Pierre Latour was the next to attack, as Sosa dragged the group of favourites on to the Frenchman's wheel. Michael Woods then emerged at the front of the group, being closely watched behind by Roglič.
Latour went again, pounding the pedals as Woods kept him in touching distance, before going a third time with Roglič then marking the Frenchman.
Sosa then dropped off as Bernal moved up to second wheel behind Roglič, with Mollema taking his gap up the road out to 20 seconds.
With 17km to go, it was fourth time lucky for Latour, who finally managed to open up a gap in his attempt to jump across to Mollema. However, the Frenchman was brought back in on the descent of the Civiglio, meanwhile Mollema had increased his gap to 27 seconds up ahead with 13km to go.
As Fuglsang led the chase group of favourites down the descent, he encountered his second sketchy moment on the tricky hairpins, managing to stay up right as he negotiated a corner at speed.
With 10km to go, Mollema's advantage was 45 seconds, as Adam Yates (Mitchelton-Scott) came to the front of the peloton before Roglič came over the top and attacked, knowing Mollema would soon be out of reach up ahead if he wasn't already.
With less than 7km to go, Michael Woods tried to ride Valverde off his wheel, with Roglič visible up the road. The Slovenian had brought Mollema to within 30 seconds to go with half a kilometre to go to the top of the climb but after another kilometre Valverde had managed to bring the chase group back to Roglič.
Michael Woods then went again, as the favourites desperately tried to reduce Mollema's advantage. Egan Bernal then launched from behind, but was unable to shake off Valverde and the others.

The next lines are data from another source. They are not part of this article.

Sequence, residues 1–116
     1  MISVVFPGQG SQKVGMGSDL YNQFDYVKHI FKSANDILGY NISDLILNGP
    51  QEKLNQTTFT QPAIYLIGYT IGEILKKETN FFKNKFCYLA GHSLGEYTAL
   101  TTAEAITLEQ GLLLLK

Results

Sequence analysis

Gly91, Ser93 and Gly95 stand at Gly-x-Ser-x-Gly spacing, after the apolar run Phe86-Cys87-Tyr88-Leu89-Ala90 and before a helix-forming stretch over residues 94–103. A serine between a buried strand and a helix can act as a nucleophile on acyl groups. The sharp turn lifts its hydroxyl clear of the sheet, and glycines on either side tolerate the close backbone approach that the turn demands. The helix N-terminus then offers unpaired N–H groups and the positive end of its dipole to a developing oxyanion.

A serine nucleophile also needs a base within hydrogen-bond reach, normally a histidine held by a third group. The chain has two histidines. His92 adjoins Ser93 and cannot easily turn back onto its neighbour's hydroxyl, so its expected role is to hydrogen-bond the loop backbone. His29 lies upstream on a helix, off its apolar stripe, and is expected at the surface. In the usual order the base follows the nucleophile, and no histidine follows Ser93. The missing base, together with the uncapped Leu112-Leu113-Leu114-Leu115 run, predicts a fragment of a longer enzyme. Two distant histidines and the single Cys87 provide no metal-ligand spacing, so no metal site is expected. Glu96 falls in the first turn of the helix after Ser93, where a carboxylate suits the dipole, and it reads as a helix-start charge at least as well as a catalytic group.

With 5km left, the chase group were still looking around at each other, as Valverde set off on his own to close the gap of 20 seconds to Mollema.
No-one could pull the Dutchman back, though, as he stayed strong to cross the finish line in first. Behind, Valverde fought off Bernal in the sprint finish to take second, with Jakob Fuglsang finishing fourth.
Il Lombardia 2019: Bergamo to Como (243km)
1. Bauke Mollema (Ned) Trek-Segafredo, in 5-52-59
2. Alejandro Valverde (Esp) Movistar, at 16 seconds
3. Egan Bernal (Col) Ineos
4. Jakob Fuglsang (Den) Astana, both at same time
5. Michael Woods (Can) EF Education First, at 34s
6. Jack Haig (Aus) Mitchelton-Scott
7. Primož Roglič (Slo) Jumbo-Visma, both at same time
8. Emanuel Buchmann (Ger) Bora-Hansgrohe, at 52s
9. Pierre Latour (Fra) Ag2r La Mondiale
10. Rudy Molard (Fra) Groupama-FDJ, both at same time
Hi. I'm Cycling Weekly's Weekend Editor. I like writing offbeat features and eating too much bread when working out on the road at bike races. I'm 6'0", 26 years old, have a strong hairline and have an adequate amount of savings for someone my age. I'm very single at the minute so if you know anyone, hit me up.
Before joining Cycling Weekly I worked at The Tab, reporting about students evacuating their bowels on nightclub dancefloors and consecrating their love on lecture hall floors. I've also written for Vice, Time Out, and worked freelance for The Telegraph (I know, but I needed the money at the time so let me live).